Typically, organisations use the crude wastage rate for measuring turnover. This calculates the number of leavers in a given period as a percentage of the average number of employees during the same period. To calculate the average number of employees during a given period, organisations often add together the number of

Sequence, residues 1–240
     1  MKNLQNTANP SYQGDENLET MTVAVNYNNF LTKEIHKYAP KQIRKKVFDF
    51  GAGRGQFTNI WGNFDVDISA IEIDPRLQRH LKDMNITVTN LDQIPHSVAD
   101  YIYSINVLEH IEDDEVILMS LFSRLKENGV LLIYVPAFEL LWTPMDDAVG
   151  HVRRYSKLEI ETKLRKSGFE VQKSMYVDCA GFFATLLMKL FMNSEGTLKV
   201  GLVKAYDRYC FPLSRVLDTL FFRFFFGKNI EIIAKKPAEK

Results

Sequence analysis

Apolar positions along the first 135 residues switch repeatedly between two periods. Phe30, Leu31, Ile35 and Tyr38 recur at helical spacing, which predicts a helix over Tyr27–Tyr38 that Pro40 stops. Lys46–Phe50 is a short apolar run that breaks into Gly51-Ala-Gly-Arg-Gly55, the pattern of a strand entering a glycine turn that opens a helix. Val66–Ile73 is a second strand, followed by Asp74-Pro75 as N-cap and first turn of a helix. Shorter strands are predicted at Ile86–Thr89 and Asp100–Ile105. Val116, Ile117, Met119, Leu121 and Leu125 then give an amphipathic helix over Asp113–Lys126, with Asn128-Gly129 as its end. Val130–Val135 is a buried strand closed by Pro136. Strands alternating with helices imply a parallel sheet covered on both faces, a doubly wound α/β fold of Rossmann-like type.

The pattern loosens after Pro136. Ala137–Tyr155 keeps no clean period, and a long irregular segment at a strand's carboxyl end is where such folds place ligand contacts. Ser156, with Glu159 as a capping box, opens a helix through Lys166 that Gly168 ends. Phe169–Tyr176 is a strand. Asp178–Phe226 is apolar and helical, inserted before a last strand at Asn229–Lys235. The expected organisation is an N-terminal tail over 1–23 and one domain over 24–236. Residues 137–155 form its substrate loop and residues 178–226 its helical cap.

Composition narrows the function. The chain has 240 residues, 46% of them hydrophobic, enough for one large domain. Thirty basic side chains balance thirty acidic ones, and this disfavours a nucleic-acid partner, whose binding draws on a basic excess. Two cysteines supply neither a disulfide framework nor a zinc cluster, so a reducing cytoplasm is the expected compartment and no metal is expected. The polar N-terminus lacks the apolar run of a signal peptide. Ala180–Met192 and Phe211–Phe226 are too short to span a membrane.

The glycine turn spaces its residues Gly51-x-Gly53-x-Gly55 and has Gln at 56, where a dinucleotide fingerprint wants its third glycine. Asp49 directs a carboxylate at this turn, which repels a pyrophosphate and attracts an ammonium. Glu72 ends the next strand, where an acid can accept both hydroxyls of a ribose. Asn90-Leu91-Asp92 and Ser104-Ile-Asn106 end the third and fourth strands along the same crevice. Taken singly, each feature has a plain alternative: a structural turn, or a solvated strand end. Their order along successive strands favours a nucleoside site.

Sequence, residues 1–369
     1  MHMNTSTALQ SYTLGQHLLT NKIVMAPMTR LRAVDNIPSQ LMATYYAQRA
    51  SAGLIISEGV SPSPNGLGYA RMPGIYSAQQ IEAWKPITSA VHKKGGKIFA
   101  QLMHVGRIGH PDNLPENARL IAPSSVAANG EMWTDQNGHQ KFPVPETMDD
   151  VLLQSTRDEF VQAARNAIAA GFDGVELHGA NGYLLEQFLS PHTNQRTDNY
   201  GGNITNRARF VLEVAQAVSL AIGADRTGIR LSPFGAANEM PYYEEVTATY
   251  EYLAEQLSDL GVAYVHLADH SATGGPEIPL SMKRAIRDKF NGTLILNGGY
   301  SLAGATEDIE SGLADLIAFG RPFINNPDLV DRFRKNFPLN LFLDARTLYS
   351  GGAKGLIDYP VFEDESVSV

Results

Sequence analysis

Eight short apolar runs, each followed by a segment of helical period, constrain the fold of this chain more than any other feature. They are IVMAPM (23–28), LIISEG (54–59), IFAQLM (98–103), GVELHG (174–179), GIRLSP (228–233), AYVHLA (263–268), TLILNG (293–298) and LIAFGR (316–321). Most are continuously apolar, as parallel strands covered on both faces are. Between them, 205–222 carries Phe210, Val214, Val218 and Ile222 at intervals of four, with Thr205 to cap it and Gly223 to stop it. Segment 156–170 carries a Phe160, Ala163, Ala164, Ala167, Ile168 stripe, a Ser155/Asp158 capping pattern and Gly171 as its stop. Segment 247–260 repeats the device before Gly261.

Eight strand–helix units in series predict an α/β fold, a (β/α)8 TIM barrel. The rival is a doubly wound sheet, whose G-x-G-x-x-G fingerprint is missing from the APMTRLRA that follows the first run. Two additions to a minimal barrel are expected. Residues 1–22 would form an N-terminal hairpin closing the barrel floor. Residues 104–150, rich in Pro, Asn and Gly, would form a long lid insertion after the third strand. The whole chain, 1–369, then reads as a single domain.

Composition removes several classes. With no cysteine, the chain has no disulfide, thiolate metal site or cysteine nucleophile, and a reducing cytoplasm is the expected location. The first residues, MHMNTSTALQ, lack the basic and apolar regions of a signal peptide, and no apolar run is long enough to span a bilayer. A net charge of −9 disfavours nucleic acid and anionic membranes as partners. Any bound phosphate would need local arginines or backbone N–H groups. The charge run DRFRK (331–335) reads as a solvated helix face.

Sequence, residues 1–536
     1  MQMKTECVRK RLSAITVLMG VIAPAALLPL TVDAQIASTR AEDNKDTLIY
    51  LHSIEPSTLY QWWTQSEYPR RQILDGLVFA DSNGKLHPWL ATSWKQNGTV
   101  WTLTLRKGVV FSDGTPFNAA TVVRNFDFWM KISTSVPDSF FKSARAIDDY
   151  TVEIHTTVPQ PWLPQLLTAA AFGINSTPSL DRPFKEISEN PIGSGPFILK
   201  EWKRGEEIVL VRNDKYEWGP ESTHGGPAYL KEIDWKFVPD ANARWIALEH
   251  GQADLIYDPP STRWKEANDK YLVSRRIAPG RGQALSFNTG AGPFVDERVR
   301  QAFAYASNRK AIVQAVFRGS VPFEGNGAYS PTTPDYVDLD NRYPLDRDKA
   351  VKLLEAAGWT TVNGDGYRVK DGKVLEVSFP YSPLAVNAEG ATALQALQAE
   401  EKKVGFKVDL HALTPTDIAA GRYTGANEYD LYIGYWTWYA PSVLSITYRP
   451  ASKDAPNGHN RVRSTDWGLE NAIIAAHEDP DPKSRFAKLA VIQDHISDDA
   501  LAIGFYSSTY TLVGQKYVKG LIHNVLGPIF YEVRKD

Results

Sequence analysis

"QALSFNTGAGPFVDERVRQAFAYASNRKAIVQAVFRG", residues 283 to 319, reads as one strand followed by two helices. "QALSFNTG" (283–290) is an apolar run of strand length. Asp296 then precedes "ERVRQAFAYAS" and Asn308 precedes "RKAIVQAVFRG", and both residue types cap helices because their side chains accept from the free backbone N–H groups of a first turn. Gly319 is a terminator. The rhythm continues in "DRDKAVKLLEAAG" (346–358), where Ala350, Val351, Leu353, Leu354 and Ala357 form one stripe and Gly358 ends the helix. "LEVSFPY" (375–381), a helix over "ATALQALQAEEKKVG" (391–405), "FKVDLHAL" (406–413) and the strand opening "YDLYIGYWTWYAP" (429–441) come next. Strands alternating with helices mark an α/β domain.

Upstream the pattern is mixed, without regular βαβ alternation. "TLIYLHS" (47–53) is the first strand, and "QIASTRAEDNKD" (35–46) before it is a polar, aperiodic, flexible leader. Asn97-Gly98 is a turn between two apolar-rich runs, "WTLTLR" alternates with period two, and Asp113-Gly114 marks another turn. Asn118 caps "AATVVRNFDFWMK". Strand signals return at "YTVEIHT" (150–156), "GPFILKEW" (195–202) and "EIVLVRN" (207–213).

employees at the beginning of the period with those employed at the end of the period and divide it by two (IDS, 2004). Crude wastage rate The simplicity of this measure means there is less risk of different parts of the organisation supplying inconsistent data. However, the crude wastage rate has its limitations because it includes all types of leavers - involuntary leavers. A single measure of turnover that does not distinguish between cases where people left because they were dissatisfied and where people left because of ill health or retirement will be inadequate because it treats leavers as a homogeneous group (Morrell et al, 2004). Furthermore, when calculating replacement figures it may be misleading to base them on crude wastage rates which include employees that do not need replacing (IDS, 2004). The crude wastage rate also makes no distinction between functional (ie beneficial) and dysfunctional turnover (CIPD, 2004). Resignation rates Another way of measuring turnover is to base turnover rates on voluntary leavers or resignation rates only, thus excluding employees who have left for other reasons such as retirement, redundancy, dismissal or redeployment to another part of the organisation. However, basing turnover rates on voluntary leavers can also have its drawbacks because it does not indicate how many staff need recruiting to cover those employees who have left because of retirement or voluntary internal transfers. One solution is to record separate turnover rates for voluntary and involuntary leavers (IDS, 2004). Wastage rates can also be used for specific groups of employees or different business units, which allows an organisation to detect differences in turnover within different parts of the organisation. Overall figures tend to mask potentially significant differences in turnover within an organisation (IDS, 2004). For example, high turnover in one area of the business could produce the same overall rate as a small number of leavers distributed evenly across the organisation, but the actions required to deal with these situations would be quite different. Examining turnover by department can identify any local issues or possible problems concerning particular line managers or to monitor turnover among groups of employees with scarce skills. Wastage rates can also be applied to employees with a certain length of service (eg less than one year) which can help pinpoint ineffective recruitment, selection or induction processes (IDS, 2004). Vacancy rate Another approach is to place a greater emphasis on the number of vacancies that need to be filled. The vacancy rate is based on the number of positions an organisation actively wishes to recruit to as a percentage of the number of overall employees. Stability index This measure gives an indication of the extent to which experienced employees are being retained. It can be used to calculate the stability of the whole organisation or of a particular group of employees. It is usually calculated as the number of employees with one year’s service or more as a percentage of the number of people employed a year ago. This formula can be varied according to particular circumstances (eg basing it on a longer period of service). A rise in the stability index indicates the company is improving retention of more experienced staff. Normally, a wastage rate would be